Alternate answer: Maya Angelou. I bet she’s a bad ass role player. She just has such a way of thinking things through and talking to others, I feel like she could really change an entire campaign (like she did the world).
17: What fictional character would best fit in your group?
Hmm…Rocket Raccoon from Guardians of the Galaxy? Lots of explosions and improvised weaponry. I’m only half joking with that suggestion.
Perhaps FN-2187, or “Finn”, from Star Wars: The Force Awakens is another one that would fit in so well with our group. I feel like he’d be hesitant at first and just wanting to get along, but then he’d really become his character and look at the rest of us and our half-brained schemes and say, “Oh, come on!” before diving in to rescue us all.
Honestly, any of the Star Wars characters would be welcome at our table; excepting Palpatine and Kylo Ren (no force powers at the table!)
Any intellectual character would fit in well, too. Like Kvothe from The Name of the Wind by Patrick Rothfuss.
18: What innovation could RPG groups benefit most from?
There are just so many new things constantly being produced that RPGers could re purpose and use to make gaming easier. I’d have to say that the most impressive innovation recently is Roll20 and other similar applications that allow gamers to get together over long distances. Add in dice rolling applications and it’s own marketplace for developers to put out exclusive art and adventures, and you’ve got an incredible model of what kind of network and influence gaming has all over the world. It can only go up from here.
Other innovations worth mention include things like mobile applications, braille dice (and other accessibility options), interactive tabletop tablets, and 3D printing, especially with how accessible they’ve become to the average person. I am currently saving up for a 3D printer, and we don’t even use miniatures when we play (but we will)!
19: Best way to learn a new game?
By jumping in, of course!
Well, in a manner of speaking. I greatly prefer having an experienced, forgiving, and patient player showing myself or a new player the ropes with a new system (or role playing in general). But, I stand by it, the best way to learn a game is to play it. Skim the book a little bit, get a character idea cobbled together with the DM, and then have fun and learn the rules as you go!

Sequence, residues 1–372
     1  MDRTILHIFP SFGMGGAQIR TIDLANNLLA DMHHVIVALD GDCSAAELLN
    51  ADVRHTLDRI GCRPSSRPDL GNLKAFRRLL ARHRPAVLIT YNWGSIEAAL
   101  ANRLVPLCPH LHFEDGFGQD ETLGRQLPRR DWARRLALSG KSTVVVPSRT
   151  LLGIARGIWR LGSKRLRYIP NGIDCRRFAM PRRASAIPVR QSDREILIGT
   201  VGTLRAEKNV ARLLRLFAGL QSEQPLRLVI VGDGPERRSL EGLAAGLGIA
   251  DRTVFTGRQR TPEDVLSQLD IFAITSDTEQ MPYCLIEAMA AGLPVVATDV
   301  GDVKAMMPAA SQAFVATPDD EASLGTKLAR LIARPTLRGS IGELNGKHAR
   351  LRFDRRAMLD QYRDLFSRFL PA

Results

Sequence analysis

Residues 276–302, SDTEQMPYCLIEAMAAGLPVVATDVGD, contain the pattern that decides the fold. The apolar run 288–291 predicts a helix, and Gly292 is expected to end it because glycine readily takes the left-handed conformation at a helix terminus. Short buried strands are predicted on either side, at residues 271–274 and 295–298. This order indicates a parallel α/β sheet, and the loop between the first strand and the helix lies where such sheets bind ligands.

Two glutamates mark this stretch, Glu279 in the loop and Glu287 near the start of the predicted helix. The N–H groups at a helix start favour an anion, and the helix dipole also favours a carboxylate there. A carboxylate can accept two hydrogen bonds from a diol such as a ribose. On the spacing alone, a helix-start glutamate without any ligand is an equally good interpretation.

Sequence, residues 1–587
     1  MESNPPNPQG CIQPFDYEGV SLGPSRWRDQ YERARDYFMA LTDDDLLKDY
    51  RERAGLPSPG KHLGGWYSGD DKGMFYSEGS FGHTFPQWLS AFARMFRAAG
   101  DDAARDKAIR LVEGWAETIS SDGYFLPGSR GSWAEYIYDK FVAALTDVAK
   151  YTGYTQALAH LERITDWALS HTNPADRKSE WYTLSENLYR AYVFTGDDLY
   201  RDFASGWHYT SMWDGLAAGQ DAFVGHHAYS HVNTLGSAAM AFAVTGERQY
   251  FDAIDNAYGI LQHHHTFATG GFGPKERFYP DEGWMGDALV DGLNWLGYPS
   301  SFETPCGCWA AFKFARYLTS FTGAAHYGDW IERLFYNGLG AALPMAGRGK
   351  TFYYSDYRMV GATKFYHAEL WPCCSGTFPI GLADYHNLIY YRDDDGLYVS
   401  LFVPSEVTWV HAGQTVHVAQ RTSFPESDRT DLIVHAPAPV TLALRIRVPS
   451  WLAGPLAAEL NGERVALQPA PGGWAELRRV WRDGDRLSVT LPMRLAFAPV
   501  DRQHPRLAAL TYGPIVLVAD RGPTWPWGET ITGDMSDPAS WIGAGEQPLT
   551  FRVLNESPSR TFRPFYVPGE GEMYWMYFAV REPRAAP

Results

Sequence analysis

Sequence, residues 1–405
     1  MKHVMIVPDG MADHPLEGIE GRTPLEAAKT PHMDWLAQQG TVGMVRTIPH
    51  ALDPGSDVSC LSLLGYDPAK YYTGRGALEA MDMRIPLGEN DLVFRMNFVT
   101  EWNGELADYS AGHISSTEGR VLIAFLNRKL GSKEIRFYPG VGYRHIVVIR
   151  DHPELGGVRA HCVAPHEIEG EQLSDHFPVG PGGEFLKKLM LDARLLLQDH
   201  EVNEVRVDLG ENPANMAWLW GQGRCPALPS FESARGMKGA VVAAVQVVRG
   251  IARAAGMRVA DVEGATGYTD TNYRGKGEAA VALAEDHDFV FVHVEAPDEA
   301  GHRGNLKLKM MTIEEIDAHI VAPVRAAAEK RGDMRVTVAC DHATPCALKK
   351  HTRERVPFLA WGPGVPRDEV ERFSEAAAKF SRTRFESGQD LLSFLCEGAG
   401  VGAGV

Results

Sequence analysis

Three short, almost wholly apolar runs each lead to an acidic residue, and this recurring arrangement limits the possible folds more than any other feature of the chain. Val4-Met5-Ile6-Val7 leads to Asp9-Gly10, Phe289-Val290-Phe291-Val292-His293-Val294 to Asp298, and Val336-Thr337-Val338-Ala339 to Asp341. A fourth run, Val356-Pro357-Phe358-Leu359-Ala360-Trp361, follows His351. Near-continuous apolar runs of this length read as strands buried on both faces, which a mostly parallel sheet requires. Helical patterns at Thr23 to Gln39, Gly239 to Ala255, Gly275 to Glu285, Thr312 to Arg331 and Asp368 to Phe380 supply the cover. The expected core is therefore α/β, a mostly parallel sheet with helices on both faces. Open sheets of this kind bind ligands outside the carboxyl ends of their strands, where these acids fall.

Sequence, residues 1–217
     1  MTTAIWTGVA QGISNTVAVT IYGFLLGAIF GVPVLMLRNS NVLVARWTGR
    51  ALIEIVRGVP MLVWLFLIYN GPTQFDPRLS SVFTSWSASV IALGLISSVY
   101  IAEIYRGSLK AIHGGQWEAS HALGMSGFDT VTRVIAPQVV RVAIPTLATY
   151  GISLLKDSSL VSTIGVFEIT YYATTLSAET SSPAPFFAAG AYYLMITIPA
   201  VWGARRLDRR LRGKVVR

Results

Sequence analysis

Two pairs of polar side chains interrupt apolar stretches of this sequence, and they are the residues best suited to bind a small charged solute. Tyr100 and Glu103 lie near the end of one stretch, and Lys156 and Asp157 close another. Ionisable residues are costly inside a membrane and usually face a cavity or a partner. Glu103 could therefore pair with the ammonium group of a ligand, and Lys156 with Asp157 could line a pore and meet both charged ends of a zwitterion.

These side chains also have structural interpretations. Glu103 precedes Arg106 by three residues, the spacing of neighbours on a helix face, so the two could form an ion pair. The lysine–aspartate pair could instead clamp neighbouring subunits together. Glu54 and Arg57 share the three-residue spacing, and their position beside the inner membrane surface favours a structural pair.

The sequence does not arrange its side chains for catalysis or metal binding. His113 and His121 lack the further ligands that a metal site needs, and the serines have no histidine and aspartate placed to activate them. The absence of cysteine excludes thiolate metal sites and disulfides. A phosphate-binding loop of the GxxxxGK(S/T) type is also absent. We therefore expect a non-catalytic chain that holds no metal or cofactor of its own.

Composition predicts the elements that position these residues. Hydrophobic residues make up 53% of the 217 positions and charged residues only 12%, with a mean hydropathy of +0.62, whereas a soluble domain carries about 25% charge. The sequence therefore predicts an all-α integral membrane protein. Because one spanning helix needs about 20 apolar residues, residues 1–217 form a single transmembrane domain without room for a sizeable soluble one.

As the Dungeon Master, however, though I don’t feel you have to have read every scrap of supplements and the GM’s guides, you should at least get the premise and basic rules of the game down before you throw your players into it. It’s just easier on everyone. So a DM should read the important, meaty parts, write a character or two of their own before playing, and commit the most common rules (and any applicable house rulings) to memory.
20: Most challenging but rewarding system you have learned?
Unfortunately, I haven’t had the chance to play as many systems as I’d like…I haven’t even played all of the ones that I own! So I’m going to have to default to Rifts here.
To be sure, Rifts is a “challenging” system; as far as crunchiness, it’s like comparing porridge to Grape Nuts cereal – you get more than your daily dose of RPG-flavored fiber when you play!
As far as it being rewarding, it’s my favorite system, even above other mainstream games. The most rewarding part of it, that which redeems all of its faults, is the setting itself. There is so much content to choose from and be inspired by. You can pick up any other Palladium book or supplement and graft it in seamlessly. the Megaverse is vast, and Palladium Books really captured that.
21: Funniest misinterpretation of a rule in your group?
We actually haven’t had many rule snafus. I think the closest thing to a funny misinterpretation would be my Brother Kelder writing up a character in Rifts and completely neglecting to select his skills for two whole sessions. It wasn’t until I got a glance at his woefully short skill list that he realised he was supposed to pick up few more skills during creation.
22: Supposedly random game events that keep recurring!?